Maryanne Mitchell
is the office manager for the Koch, James and Hightower law firm. She is
meeting with Martin Koch. It is not unusual for Martin to ask her to stop by,
but still she gets up tight and nervous whenever he does.


“I am just a
born pessimist,” she frets to herself, waiting for Martin to start.


He gets
immediately down to business. “We seem to have some problems, Maryanne.
Generally, things are going smoothly. The snag seems to be with some of the
typing and some of the filing along with the billing. What do you think you can
do to clean things up a little?”


Maryanne sighs but
does not respond.


“What do you
think? Is there any hope for it, Maryanne?” Martin asks, trying to relax
the discussion.


Finally, the
office manager says, “I’m worn out from trying. It is exhausting, trying
everything there is to try and people are still not satisfied. I will try to
straighten it out, but don’t have much hope.”


Martin leans
toward Maryanne and says, “Maryanne, you have been with me from the beginning.
To tell you the truth, I’m beginning to get some heat about you, about your
performance. There is some question about whether you can handle things anymore
with the computers and all. I don’t know. I think you can do it, but you need
to tell me what has to happen to get things straightened up.”


Maryanne sits
motionless, not saying anything until Martin settles back to outwait her. In a
small voice, she reluctantly says, “You’ll have to decide for yourself
about me. I am working as hard as I can. I’ve given this firm all I have.
Things are a mess around here. I’m a nervous wreck from trying to straighten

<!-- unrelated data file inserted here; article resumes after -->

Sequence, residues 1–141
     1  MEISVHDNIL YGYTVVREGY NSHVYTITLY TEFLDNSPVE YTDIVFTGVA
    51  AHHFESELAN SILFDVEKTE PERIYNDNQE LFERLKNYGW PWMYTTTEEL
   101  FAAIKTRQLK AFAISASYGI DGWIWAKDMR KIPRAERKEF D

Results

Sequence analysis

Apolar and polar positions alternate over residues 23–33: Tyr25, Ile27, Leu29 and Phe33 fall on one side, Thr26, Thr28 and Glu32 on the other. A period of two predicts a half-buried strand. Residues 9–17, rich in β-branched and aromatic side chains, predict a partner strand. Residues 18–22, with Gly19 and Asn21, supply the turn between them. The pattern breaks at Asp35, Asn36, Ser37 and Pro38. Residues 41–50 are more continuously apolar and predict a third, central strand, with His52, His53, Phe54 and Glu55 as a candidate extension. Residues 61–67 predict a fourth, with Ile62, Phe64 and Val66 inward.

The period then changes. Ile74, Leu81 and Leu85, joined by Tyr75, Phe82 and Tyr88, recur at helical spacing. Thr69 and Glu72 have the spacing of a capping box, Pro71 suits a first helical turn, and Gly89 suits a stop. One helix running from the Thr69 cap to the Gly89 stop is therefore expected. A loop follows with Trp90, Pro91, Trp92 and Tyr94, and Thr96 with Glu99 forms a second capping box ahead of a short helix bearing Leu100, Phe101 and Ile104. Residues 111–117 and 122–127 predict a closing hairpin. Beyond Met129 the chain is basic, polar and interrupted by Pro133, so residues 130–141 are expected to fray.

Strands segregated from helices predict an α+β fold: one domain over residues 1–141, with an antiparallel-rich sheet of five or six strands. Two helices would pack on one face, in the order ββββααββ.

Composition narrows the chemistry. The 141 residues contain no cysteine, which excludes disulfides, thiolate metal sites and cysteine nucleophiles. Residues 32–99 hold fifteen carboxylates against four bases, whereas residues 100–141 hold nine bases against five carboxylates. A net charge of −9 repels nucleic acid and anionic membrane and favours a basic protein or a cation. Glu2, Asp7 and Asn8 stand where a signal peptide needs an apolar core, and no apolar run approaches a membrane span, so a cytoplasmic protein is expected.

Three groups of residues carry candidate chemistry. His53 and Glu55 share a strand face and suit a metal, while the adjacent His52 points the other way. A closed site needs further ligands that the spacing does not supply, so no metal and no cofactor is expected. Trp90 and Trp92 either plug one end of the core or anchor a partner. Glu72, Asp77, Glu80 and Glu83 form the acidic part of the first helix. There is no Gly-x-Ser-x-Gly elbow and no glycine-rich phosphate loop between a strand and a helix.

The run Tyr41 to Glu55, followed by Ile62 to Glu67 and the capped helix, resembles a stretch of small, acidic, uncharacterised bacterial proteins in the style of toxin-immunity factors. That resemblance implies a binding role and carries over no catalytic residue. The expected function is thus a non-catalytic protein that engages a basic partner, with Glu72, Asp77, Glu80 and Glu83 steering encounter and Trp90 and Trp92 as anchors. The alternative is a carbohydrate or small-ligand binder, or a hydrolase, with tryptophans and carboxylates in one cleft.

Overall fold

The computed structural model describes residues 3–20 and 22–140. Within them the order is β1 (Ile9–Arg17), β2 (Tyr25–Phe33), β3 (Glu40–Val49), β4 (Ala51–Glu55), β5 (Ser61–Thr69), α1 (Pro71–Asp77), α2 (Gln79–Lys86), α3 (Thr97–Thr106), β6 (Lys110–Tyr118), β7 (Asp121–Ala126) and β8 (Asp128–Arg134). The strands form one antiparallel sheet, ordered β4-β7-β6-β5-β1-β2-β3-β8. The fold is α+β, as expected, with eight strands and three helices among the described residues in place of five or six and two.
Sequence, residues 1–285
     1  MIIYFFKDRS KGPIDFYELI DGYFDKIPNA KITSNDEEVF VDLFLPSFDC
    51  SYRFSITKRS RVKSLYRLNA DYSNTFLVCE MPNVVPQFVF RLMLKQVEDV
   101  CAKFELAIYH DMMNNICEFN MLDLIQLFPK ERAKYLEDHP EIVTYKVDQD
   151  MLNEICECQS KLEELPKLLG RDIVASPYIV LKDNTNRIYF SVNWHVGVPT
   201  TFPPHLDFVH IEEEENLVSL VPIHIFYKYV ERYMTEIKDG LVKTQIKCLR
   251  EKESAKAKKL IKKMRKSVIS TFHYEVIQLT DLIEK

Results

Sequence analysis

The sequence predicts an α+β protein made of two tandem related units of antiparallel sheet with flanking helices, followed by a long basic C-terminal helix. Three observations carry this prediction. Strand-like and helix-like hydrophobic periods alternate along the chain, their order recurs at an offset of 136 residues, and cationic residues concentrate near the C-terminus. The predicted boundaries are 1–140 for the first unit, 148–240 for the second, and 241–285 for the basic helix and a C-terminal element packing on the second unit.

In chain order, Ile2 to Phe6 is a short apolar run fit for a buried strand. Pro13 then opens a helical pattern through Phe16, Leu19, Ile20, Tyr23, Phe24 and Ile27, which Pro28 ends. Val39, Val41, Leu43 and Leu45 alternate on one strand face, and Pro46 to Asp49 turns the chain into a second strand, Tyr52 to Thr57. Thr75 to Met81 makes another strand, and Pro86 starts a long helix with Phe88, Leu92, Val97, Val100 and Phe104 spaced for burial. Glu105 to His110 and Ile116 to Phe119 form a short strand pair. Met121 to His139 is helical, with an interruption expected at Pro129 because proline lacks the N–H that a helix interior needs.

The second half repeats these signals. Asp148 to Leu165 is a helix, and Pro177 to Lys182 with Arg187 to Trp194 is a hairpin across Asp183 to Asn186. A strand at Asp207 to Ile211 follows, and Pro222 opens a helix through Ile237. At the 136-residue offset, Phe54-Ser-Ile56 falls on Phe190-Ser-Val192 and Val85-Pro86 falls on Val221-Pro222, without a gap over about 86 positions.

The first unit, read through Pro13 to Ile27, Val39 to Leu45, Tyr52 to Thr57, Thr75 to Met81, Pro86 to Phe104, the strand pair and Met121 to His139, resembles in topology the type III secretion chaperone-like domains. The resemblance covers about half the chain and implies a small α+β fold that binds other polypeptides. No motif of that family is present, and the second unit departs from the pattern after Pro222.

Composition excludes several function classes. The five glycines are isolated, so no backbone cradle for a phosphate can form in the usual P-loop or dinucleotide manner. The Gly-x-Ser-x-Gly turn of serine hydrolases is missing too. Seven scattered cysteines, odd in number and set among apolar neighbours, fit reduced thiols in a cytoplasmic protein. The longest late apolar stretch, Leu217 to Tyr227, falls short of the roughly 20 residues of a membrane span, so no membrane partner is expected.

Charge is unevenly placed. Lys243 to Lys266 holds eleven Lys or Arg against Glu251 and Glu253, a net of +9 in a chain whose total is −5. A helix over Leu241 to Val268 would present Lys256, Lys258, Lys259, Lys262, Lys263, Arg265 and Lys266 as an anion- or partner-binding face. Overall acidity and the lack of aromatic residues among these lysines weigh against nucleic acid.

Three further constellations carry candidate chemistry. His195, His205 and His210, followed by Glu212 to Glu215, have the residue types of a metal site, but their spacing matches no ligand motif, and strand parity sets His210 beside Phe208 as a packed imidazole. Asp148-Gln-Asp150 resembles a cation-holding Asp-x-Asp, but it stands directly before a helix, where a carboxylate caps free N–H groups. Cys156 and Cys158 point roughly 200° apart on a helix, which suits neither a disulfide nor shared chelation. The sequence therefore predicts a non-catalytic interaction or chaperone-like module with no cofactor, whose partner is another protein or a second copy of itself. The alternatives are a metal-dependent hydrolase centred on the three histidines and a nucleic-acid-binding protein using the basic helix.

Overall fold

out everything that goes wrong. Everyone thinks it’s all my fault. I suppose
they are right. I’m just one person and can’t do it all. It must all be my fault.
Even you think it is all me, now.”


Martin can feel
his ambivalence. Part of him wants to hang tough with the office manager and
the part that has known Maryanne for years wants to straighten things out for
her. As he tries to get control of his feelings, Maryanne says, “It’s no
wonder I get so nervous and upset. Things keep changing. About the time I get
one thing straightened out, it’s something else. It’s like riding a roller
coaster. It is more than anyone can be expected to handle. I guess someone
needs to be the scapegoat, though.”


Martin does not
know what to say now. Maryanne has been with the firm too long just to fire.
Anyway, that is not his style. When good people are not getting the job done,
pointing the finger at them is not the way to go.


“People
around here care about you and want things to be comfortable for you,
Maryanne.”


Maryanne looks
down at her hands as she says, “I need this job but it’s not my life. I
work because I need to work, but it’s not the center of my life. The things and
people who are important to me are not at this office. When I’m here – which is
a lot more than I am getting paid for – I give it 100 percent. I think my
seventeen years prove that. I don’t know what you’re going to do about the
problem you have. It’s for sure I can’t work any harder.”


The conversation
does not end so much as it dies. Maryanne leaves without saying anything more.
Martin is at a complete loss. He takes a deep breath, rubs his chin, reaches
for his phone and asks his secretary about his next appointment.